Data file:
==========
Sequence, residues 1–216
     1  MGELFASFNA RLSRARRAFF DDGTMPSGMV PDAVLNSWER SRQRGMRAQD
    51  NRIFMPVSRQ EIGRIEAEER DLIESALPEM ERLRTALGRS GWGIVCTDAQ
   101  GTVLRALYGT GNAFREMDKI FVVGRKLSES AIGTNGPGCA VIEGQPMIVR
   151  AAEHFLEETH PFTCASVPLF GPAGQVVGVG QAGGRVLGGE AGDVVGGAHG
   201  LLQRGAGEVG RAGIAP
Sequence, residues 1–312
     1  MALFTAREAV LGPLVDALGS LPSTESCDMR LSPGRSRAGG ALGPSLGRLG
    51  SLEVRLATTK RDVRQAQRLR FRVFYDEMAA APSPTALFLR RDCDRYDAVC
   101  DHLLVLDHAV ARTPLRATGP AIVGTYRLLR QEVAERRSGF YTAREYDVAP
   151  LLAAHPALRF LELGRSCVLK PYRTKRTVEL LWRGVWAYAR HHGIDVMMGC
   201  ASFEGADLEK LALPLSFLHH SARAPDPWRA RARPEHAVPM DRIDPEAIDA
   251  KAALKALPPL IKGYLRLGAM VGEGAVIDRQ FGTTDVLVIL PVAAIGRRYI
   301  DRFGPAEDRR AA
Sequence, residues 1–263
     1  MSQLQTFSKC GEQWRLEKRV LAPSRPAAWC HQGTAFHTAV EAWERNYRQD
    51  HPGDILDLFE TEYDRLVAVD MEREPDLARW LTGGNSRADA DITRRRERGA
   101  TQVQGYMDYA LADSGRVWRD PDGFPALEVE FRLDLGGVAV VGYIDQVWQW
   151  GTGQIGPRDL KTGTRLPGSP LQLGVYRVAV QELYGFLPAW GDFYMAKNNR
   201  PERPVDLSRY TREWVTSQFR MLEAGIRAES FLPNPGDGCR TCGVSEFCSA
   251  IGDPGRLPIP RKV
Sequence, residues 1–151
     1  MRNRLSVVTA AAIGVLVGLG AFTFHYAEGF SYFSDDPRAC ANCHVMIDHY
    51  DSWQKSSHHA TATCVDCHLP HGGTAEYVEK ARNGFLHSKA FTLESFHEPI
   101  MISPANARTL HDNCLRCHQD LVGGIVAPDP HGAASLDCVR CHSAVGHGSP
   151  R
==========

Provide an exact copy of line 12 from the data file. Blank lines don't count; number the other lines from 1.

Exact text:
   201  ASFEGADLEK LALPLSFLHH SARAPDPWRA RARPEHAVPM DRIDPEAIDA